It’s a glorious time to be back in Illyria, no matter how you get there — capsized in a storm, drawn by a beautiful mourning countess or back after months of rambling. The skies have cleared in Orsino’s court. Love is in every other glance.

If American Players Theatre’s “Twelfth Night” was a novel, it would be a beach read.

Director John Langs’ production of “Twelfth Night” had a watery start in more ways than one. Shakespeare’s 1602 comedy of disguise and frustrated romance opens in a shipwreck, as twins Viola and Sebastian are tossed, separately, onto the shores of Illyria. Opening night got damper than the players’ bargained for this June, when the first official performance got rained out a few scenes into Act II.

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A merry band led by Triney Sandoval, Ted Deasy and Phoebe González makes a joyful "Twelfth Night" at American Players Theatre. 

“Twelfth Night” was last seen here in 2012 in a rather dour production by David Frank, who leaned into the sadness of so many characters in love with the wrong people. Langs spins off in a different direction, recasting the comedy in the image of freewheeling, stubborn Sir Toby Belch (Triney Sandoval). 

The play bops along on the energy of Sandoval, an exceptional performer who can turn from clowning to earnest seamlessly. He leads a fabulous entourage: a fool played by La Shawn Banks with a rich baritone and one arching eyebrow; Ted Deasy, seven feet or so of goofy, high-kicking knight; and Phoebe González, a gleeful co-conspirator.

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Viola/Cesario (Kelsey Brennan) gets a wink and a nod from Feste (La Shawn Banks) in "Twelfth Night" at American Players Theatre.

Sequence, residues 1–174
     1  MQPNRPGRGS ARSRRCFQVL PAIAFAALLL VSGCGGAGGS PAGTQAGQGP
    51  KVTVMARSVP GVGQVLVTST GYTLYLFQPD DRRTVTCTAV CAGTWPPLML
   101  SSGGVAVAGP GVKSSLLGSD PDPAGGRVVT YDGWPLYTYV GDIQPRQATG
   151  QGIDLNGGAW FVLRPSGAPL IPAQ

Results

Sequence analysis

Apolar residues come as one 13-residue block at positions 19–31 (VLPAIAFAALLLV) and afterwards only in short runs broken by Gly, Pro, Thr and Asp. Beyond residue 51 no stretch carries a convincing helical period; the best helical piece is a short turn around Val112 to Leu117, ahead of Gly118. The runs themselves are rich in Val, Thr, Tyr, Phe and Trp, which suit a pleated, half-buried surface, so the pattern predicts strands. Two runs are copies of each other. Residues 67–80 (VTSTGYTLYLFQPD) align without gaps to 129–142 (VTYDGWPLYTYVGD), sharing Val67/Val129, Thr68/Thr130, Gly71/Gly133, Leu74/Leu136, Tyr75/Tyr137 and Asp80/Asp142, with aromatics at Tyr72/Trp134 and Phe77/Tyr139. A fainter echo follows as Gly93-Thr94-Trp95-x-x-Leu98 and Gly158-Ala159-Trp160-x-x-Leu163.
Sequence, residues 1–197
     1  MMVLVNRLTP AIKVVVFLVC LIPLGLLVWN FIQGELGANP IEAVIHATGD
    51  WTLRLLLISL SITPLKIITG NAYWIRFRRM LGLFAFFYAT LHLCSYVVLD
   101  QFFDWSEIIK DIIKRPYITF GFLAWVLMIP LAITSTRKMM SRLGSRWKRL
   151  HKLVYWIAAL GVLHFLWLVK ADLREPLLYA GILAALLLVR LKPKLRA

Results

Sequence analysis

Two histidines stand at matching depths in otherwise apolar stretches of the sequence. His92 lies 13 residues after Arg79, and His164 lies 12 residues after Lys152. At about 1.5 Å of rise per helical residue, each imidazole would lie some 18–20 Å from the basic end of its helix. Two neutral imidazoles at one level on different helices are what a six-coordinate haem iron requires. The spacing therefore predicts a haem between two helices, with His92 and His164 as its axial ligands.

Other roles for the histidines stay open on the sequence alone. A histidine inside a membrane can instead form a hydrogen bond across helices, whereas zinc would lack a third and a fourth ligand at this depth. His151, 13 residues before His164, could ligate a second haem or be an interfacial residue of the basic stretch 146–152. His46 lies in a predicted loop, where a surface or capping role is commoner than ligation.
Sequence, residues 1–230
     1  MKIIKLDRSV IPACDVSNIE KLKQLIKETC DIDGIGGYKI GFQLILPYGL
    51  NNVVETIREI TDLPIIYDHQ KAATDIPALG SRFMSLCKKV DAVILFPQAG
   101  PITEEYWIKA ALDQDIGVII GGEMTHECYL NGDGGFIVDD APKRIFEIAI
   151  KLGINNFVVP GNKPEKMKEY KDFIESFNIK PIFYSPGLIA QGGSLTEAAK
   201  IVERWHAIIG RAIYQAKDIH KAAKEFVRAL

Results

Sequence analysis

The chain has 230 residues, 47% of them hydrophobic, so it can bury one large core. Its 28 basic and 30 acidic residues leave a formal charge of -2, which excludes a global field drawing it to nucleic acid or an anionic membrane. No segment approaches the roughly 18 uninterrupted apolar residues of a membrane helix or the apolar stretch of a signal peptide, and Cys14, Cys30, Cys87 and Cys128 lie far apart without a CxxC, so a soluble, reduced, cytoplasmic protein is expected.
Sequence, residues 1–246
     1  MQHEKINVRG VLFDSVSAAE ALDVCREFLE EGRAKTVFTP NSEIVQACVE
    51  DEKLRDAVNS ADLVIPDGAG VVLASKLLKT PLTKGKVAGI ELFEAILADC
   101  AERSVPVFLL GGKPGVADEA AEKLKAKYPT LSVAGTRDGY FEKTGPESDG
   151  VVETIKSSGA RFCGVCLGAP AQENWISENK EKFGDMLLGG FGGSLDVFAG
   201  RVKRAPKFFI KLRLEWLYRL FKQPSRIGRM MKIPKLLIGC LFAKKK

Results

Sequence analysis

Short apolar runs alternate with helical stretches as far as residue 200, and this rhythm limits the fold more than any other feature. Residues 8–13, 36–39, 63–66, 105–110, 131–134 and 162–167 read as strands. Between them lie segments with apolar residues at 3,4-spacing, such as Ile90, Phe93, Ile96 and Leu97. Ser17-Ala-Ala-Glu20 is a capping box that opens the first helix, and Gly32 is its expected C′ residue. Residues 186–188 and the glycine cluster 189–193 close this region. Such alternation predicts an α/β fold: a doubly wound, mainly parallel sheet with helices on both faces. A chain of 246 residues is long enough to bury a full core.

Colleen Madden, as the maid Maria, casts longing glances in Sir Toby’s direction as she raises the stakes of the comedy. In her boldest move, she claps the hand of a man she’s just met onto her breast (“Bring your hand to the buttery bar and let it drink.”)

These scenes with pranksters and drunkards have equal weight to more serious ones with our quartet of lovers. Viola (Kelsey Brennan), in disguise as a boy, has landed a spot in the court of Orsino, who spends most of his time wallowing over a woman (Olivia) who doesn’t want him.

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Orsino (Gavin Lawrence) reveals intense, confusing feelings for his page Cesario (Kelsey Brennan) in "Twelfth Night" at American Players Theatre. 

Much as in last season’s “The Recruiting Officer,” Kelsey Brennan shows how putting a woman in man’s clothes can open something truthful in her. Viola may conceal her gender in her brother’s trunk hose and doublet, but she can’t hide her growing feelings for her boss. The simmering glances Viola-in-disguise sends the count’s way confuse and unsettle him (Gavin Lawrence, self-contained and thoughtful).

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Olivia (Aila Peck) sets her sights on Cesario/ Viola (Kelsey Brennan) in "Twelfth Night" at American Players Theatre.  

The energy between them is palpable. Their scenes sizzle, a tinge of homoeroticism echoed elsewhere in the play. Oliva catches sight of Viola in disguise and shudders as she loses her composure. When Sebastian (Michael Goldstein) washes ashore, the sea captain (Jeb Burris) who saved him looks at Sebastian much the same way.

Dressed by Jenny Mannis in black curls and a pleather bodice, Aila Peck as Olivia has cast herself in a Harlequin romance, throwing her head back and forth dramatically. David Daniel gets big laughs as Malvolio, the servant whose vanity lands him in head-to-toe yellow, baring his teeth like a mad dog (this in response to a request that he “smile”).

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David Daniel plays an over-the-top Malvolio in costumes designed by Jenny Mannis in American Players Theatre's "Twelfth Night." 

Arnel Sancianco’s set, washed wood in seaside teal and light sand, has a Caribbean feel. Music from composer Josh Schmidt catches the ear — “O mistress mine” has been in my head for weeks — and the chance to hear La Shawn Banks take up his melodies is worth the ticket price alone.

That “Twelfth Night” flies by at close to three hours is a credit to a cast that moves with precision at breakneck speeds, juggling potted plants bigger than beach balls and swinging swords around like little kids on the beach. It’s a joy to join them in the sun, for as long as this lively “Night” lasts.  

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